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Synopsis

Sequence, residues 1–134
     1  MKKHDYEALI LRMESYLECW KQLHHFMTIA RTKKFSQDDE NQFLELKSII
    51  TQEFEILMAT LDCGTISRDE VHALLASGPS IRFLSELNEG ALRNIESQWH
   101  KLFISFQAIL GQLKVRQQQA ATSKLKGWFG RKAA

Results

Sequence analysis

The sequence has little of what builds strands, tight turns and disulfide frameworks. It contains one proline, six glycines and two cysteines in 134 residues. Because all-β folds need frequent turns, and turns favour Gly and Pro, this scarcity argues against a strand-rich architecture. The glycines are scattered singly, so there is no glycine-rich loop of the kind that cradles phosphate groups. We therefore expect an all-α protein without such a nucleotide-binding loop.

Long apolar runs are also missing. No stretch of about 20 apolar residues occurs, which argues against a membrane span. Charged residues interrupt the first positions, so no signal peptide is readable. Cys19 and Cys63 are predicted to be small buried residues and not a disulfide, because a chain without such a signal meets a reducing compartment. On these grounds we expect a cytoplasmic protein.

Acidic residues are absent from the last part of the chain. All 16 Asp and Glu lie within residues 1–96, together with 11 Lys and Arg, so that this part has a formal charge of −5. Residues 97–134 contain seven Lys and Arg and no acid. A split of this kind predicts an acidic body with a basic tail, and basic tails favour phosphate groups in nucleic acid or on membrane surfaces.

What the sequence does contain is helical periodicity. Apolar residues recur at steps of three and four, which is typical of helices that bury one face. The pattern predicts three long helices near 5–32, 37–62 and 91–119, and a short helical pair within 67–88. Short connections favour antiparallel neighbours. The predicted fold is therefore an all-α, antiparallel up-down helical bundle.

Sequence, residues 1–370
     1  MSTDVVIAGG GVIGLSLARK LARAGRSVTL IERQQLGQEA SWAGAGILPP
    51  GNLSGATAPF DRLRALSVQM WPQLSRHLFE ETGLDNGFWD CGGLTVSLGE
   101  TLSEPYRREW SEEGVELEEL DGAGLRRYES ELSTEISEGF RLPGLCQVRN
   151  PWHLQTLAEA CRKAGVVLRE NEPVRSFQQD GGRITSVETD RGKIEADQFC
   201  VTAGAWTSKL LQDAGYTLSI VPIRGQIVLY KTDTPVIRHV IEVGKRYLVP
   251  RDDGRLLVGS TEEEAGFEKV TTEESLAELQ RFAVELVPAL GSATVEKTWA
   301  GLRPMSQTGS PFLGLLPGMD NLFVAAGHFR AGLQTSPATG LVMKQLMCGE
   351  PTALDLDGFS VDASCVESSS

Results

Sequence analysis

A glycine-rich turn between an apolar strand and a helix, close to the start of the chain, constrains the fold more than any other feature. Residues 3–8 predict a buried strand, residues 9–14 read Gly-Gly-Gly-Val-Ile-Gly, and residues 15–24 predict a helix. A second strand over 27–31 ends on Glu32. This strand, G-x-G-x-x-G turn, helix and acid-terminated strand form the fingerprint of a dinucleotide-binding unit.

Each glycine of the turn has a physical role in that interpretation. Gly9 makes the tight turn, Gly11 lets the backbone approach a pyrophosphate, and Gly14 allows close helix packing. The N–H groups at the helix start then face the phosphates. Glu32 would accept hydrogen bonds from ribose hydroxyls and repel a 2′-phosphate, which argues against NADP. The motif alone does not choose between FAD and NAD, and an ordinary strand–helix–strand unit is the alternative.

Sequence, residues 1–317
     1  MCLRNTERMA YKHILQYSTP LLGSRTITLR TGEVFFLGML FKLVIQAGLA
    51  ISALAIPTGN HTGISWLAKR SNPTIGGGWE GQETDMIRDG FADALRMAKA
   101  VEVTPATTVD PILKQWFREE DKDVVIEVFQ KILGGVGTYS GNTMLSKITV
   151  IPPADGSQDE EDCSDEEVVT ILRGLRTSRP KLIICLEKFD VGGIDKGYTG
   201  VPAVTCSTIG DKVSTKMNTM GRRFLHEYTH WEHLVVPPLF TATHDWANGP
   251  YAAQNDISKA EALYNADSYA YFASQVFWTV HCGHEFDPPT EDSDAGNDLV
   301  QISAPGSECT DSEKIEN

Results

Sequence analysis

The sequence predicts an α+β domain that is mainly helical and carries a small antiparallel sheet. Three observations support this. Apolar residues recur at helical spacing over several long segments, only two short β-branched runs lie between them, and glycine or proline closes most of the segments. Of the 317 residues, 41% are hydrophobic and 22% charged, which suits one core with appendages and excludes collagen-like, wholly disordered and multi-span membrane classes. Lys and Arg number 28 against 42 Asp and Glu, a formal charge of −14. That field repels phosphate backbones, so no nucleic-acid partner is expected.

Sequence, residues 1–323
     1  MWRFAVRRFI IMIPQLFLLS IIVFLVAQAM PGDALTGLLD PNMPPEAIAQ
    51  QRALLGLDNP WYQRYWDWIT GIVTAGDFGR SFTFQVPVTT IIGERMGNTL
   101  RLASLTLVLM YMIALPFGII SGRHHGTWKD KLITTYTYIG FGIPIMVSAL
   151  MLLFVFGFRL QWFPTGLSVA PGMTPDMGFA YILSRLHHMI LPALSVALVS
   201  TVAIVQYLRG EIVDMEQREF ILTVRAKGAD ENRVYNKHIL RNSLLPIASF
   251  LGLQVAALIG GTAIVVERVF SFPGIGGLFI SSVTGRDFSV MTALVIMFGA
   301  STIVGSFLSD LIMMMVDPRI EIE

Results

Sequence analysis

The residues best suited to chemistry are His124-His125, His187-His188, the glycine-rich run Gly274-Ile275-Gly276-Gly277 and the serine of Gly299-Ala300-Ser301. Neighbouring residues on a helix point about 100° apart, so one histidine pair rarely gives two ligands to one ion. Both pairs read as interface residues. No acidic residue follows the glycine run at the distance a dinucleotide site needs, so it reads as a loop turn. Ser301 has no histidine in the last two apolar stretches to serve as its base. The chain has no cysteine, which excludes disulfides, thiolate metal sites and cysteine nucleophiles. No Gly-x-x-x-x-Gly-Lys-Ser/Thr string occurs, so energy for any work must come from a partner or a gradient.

New Philadelphia, Illinois, was founded in 1836 by Frank McWorter, a Kentucky slave who purchased his own freedom and then acquired land on the prairie for establishing a new—and integrated—community. McWorter sold property to other freed slaves and to whites, and used the proceeds to buy his family out of slavery. The town population reached 160, but declined when the railroad bypassed it. By 1940 New Philadelphia had virtually disappeared from the landscape. In this book, Paul A. Shackel resurrects McWorter’s great achievement of self-determinism, independence, and the will to exist. Shackel describes a cooperative effort by two universities, the state museum, the New Philadelphia Association, and numerous descendents to explore the history and archaeology of this unusual multi-racial community.

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